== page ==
What Is an S Corp?
An S corporation is a tax designation that uses a hybrid form of the pass-through tax structure that allows the income and losses of a corporation or a limited liability company (LLC) to pass through directly to its shareholders. This means LLCs and corporations that elect S corp status don't have to pay corporate income taxes.
S corp owners, on the other hand, have their income from the firm distributed to them in the form of a reasonable salary and/or distributions. They must then report that income on their individual tax returns.
Why Form an S Corp?
S corporations may provide business owners with tax advantages because S corps aren’t taxed at the corporate level, and their distributions aren’t subjected to self-employment taxes. However, S corps have more complex legal and tax reporting requirements along with higher accounting, legal, and payroll costs.
To determine if electing S corp status makes sense for your business, you’ll need to weigh the benefits against the costs of establishing and maintaining an S corp. It’s usually advantageous for sole entrepreneurs to elect the S corp tax designation when they anticipate their annual profits will reach $60,000 to $100,000. In these cases, the tax savings typically outweigh the additional costs of forming and maintaining an S corporation.
Recommended: Check out our S Corp vs. C Corp vs. LLC article to learn whether or not an S corp is right for you.
What Is Form 2553?
Form 2553 is the form formal business entities like corporations and LLCs use to elect the S corporation tax designation with the IRS. In order to start an S corporation, you must first form an LLC or corporation and then elect S corp status with the IRS by filing Form 2553, Election by a Small Business Corporation.
How Do I File Form 2553?
Filing Form 2553 is fairly straightforward. Simply follow these instructions:
- Enter your business's basic information in the first part of Form 2553.
- Choose your company’s tax year in Item F. The “Calendar year” option refers to January 1 to December 31.
- Skip Item G if you have fewer than 100 shareholders.
- Section I is an explanation for anyone filing Form 2553 after the deadline. For information on relief for late filers, review the "General Instructions" section of the IRS instructions for Form 2553.
- In the final section, you must include the names and addresses of all shareholders (or members of the business if you own an LLC) along with their signatures consenting to the election of S corp status. You may print out additional copies of this page if you need more space for signatures.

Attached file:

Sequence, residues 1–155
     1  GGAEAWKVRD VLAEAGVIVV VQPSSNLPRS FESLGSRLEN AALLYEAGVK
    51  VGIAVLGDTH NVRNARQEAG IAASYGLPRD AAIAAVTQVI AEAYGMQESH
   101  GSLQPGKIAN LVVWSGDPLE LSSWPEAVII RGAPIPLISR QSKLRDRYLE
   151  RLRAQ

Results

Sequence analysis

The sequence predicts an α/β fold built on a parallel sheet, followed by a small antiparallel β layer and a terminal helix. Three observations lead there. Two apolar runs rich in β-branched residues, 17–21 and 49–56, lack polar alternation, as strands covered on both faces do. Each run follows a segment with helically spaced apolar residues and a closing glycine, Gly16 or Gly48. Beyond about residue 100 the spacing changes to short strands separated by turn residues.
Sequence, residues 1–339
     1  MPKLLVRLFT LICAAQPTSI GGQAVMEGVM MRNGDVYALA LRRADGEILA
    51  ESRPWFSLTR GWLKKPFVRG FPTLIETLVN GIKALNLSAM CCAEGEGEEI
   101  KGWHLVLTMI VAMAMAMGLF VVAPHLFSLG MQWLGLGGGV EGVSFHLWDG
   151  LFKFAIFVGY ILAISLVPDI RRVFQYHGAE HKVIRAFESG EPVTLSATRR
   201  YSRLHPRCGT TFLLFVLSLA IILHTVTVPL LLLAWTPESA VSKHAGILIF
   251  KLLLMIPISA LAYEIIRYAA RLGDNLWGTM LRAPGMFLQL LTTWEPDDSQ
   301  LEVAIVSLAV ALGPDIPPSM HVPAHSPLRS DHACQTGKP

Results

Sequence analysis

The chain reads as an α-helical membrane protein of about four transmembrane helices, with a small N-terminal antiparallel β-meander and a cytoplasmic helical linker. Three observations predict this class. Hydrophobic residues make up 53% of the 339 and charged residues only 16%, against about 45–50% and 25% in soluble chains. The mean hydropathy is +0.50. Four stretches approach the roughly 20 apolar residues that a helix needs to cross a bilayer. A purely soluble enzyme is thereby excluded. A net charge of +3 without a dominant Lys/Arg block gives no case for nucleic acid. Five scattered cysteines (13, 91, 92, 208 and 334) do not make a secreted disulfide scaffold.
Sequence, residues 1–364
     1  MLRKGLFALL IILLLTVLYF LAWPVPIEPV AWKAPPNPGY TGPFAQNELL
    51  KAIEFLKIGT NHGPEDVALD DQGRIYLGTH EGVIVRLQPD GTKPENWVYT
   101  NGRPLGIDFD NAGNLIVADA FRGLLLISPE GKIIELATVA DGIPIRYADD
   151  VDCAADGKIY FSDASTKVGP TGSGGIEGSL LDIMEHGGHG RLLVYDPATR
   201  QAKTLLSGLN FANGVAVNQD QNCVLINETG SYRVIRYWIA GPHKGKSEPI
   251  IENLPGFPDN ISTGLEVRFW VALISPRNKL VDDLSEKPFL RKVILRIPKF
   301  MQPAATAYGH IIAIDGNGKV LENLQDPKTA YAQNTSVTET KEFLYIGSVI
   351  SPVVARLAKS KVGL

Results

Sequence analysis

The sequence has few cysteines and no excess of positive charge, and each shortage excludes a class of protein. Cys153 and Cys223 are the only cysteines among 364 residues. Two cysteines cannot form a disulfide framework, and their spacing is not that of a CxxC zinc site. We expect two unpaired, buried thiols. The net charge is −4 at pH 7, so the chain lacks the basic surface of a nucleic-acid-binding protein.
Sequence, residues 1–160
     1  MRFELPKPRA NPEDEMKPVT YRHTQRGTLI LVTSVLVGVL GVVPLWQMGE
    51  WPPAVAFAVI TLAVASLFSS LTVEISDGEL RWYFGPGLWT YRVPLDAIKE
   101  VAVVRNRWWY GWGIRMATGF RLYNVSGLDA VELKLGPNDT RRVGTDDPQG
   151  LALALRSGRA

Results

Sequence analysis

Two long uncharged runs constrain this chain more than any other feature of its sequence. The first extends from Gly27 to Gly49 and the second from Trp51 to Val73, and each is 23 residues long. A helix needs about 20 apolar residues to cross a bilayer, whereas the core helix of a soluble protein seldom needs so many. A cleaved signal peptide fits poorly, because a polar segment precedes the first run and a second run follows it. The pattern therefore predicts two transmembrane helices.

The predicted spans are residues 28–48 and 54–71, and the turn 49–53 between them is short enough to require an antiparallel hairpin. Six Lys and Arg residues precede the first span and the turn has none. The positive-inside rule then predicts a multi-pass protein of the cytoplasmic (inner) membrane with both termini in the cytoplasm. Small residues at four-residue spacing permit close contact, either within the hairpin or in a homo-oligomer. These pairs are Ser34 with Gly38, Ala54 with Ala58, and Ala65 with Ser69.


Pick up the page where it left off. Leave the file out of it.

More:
- Only complete Part II if you selected Box 2 or 4 in Item F of Part I.
- Because Part II can prove challenging to complete, we suggest reviewing the "Specific Instructions" section of the IRS instructions for Form 2553. You also may want to consult with an accountant if you have additional questions or concerns.
- Only complete Part III if your business is a qualified subchapter S trust. Most small business owners can skip this section because it only applies to companies with trusts as their shareholders.
- You can skip Part IV if you fill out the form before the deadline.
When Should I File Form 2553?
In order to elect S corp status, a company must file Form 2553 at the appropriate time. According to the IRS, an S corp may file Form 2553:
- At any time during the tax year preceding the tax year in which it will take effect.
- Within two months and 15 days of the first day of the tax year in which the election will take effect.
For companies that use a calendar tax year, two months and 15 days from the first day of the tax year is March 15. For newly formed LLCs or corporations, the day their home state recognizes their Articles of Organization or Articles of Incorporation serves as the first day of the tax year for that year.
In some cases, a company may file a relief for late election with the IRS. For more information on this, see the IRS’ Instructions for Form 2553.
Once your S corp is up and running, be sure to read our guide on how to file S corp taxes.